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Over one million NHS records leaked during University of Manchester cyberattack

Information collected from the health service for use in research has probably fallen into the hands of hackers.

By Claudia Glover

Over one million NHS patient records have been accessed by the cybercriminals who attacked the University of Manchester, it has been reported. The data had been gathered by the university for research purposes.

NHS records among data leaked during Manchester University cyberattack. (Photo by John B Hewitt/Shutterstock)

Among the leaked details are NHS numbers and the first three letters of patients’ postcodes.

NHS records leaked during University of Manchester cyberattack

The university announced it had been subject to a cyberattack on 9 June, and that data of past and present students and alumni had been accessed by cybercriminals. It explained that it was conducting an investigation and was in contact with the UK’s National Cybersecurity Centre (NCSC). 

Now The Independent has reported the data accessed included 1.1 million NHS records that had been gathered for the purposes of medical research from more than 200 hospitals. The data includes reports of major-trauma patients across the country and treatment for victims of terrorist attacks.

The university has admitted to NHS officials that it does not know how many patients were affected or whether names had also been hacked, according to a memo seen by The Independent.

As a result of the incident, NHS chiefs were warned by Manchester University that there is “potential for NHS data to be made available in the public domain.” The data set has since been closed, but an investigation undertaken by the university has found that back-up servers were accessed.

Manchester University has updated the list of data seen by cybercriminals, which now includes universities and colleges admissions service (UCAS) numbers and fee status, UCAS disability codes, as well as personally identifiable information such as university IDs and dates of birth.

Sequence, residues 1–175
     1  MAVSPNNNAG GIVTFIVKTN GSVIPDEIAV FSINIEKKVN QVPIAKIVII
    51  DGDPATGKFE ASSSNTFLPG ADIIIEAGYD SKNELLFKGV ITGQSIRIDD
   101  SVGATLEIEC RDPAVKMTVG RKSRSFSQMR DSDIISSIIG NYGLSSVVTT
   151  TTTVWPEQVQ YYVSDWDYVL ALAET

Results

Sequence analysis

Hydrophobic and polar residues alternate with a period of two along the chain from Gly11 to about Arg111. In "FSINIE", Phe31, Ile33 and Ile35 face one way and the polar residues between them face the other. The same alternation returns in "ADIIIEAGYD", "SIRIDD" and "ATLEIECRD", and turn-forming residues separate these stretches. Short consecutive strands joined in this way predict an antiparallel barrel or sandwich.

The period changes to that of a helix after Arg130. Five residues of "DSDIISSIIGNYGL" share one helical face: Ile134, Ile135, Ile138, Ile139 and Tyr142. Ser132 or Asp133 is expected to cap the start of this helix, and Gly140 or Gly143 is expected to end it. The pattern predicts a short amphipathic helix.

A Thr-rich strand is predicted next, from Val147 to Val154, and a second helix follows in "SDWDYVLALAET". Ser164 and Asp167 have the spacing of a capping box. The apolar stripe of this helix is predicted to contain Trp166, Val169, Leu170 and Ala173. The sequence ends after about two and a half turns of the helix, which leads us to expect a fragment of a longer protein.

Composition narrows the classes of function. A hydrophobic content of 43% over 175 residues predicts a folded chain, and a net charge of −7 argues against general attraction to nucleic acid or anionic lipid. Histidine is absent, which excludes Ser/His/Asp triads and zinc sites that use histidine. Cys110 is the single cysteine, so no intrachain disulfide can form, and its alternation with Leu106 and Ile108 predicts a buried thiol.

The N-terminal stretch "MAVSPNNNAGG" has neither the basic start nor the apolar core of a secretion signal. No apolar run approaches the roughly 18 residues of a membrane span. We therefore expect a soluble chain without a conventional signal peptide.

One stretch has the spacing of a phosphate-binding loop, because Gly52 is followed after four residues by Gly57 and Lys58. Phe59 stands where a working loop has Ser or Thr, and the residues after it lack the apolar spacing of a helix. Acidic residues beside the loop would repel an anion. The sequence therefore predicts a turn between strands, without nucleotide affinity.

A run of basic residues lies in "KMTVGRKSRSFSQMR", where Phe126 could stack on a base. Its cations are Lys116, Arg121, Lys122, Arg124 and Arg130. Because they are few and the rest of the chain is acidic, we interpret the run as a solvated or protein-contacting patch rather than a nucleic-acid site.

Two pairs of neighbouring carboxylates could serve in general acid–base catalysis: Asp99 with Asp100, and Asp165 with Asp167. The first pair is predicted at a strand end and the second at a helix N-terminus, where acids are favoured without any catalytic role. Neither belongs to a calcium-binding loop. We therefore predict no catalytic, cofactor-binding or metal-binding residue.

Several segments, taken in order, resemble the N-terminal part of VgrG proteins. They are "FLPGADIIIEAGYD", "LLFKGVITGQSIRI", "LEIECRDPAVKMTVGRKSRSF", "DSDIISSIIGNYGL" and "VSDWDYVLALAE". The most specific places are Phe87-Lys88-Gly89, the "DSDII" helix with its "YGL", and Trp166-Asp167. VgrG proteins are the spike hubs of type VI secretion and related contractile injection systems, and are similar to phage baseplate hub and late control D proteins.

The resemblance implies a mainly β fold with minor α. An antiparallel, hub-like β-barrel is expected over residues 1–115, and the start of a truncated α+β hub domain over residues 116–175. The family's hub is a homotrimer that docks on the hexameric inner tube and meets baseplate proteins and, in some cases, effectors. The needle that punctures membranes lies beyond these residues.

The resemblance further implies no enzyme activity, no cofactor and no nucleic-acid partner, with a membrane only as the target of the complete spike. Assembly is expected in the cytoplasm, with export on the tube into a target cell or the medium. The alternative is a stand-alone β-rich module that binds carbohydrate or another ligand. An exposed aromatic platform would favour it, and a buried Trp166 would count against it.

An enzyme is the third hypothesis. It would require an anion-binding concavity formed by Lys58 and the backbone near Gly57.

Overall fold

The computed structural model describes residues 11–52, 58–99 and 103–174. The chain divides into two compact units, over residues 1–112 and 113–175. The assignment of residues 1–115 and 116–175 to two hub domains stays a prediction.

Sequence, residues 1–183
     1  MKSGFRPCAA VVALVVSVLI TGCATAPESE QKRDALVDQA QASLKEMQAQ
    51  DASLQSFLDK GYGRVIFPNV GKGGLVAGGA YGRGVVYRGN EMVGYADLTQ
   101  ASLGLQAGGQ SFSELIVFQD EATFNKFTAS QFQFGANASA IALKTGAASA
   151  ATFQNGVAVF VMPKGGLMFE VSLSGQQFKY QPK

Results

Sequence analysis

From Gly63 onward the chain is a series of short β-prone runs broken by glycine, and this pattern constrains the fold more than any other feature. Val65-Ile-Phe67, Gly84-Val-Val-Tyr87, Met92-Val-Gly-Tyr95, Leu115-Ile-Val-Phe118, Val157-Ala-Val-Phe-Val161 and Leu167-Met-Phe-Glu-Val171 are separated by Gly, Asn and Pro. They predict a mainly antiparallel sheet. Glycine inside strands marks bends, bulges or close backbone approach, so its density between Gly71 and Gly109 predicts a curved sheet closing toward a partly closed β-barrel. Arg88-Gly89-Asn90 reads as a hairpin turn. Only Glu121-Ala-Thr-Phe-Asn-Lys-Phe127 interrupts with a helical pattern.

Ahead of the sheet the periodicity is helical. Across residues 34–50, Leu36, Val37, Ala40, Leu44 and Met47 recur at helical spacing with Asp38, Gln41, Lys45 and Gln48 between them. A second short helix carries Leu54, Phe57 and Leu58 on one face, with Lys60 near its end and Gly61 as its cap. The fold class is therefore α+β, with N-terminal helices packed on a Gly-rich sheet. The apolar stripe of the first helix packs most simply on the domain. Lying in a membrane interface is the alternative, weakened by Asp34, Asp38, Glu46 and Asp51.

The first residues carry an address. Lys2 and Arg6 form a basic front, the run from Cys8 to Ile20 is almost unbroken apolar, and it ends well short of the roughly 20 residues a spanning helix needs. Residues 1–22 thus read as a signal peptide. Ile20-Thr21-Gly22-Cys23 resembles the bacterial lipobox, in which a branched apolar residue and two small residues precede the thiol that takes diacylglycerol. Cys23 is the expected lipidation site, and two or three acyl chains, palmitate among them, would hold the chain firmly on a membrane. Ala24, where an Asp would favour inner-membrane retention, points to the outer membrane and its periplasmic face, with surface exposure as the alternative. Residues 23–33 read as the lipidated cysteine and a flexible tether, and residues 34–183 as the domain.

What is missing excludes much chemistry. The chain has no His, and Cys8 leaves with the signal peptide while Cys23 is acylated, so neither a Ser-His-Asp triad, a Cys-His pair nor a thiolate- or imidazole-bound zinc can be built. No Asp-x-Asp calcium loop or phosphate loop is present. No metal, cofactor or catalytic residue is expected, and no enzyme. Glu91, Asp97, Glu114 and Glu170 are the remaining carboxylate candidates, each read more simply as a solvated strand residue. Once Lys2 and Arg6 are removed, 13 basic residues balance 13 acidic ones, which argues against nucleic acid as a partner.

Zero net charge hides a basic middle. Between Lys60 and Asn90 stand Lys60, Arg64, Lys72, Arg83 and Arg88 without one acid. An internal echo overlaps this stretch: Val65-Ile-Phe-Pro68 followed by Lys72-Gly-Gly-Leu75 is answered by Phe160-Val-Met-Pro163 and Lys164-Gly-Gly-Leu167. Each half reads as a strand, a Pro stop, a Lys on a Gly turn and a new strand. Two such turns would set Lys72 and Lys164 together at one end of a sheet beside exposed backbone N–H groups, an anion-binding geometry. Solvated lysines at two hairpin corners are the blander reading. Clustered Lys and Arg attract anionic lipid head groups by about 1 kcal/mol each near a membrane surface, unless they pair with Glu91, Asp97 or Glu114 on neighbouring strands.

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The university’s priority is to resolve this issue, it said in a statement alongside the updated information. “Our in-house experts and external support are working around the clock to resolve this incident and respond to its impacts,” it said. “We are continuing our investigations”

Tech Monitor has approached the University of Manchester and the NHS for comment but has not received any response at the time of writing. 

Triple extortion threats to students

The perpetrators of the attack have not yet come forward, and it is not known what level of ransom has been demanded.

But the exposed data has since reportedly been used to contact students in an effort to get them to apply pressure to the university to pay up. In their email to affected students, the criminals claim they have research data, medical data, police reports, drug tests results, databases, HR documents, finance documents and more.

“The administration is fully aware of the situation and had been in discussion with us for over a week,” the hackers said. “They value money above the privacy and security of their students and employees. They do not care about you or that ALL your personal information and research work will be sold or made public.”

This information will be used against the students if the university does not pay up, the anonymous cybercriminals explained in a separate email. “Ever cheat on exams? Accused of misconduct? Have health incident? We have proof, and soon everyone will have this proof too,” they wrote. “Think about your future and your career. This data can destroy your life.”

The tactic of contacting individual victims of an attack is known as triple extortion, and has been seen in use as part of the ongoing MOVEit Transfer supply chain attack. Staff at the BBC have reportedly been contacted directly by hackers in an effort to persuade the broadcaster to pay the ransom.

Read more: Ransomware gang Akira adds malware targeting Linux to its arsenal


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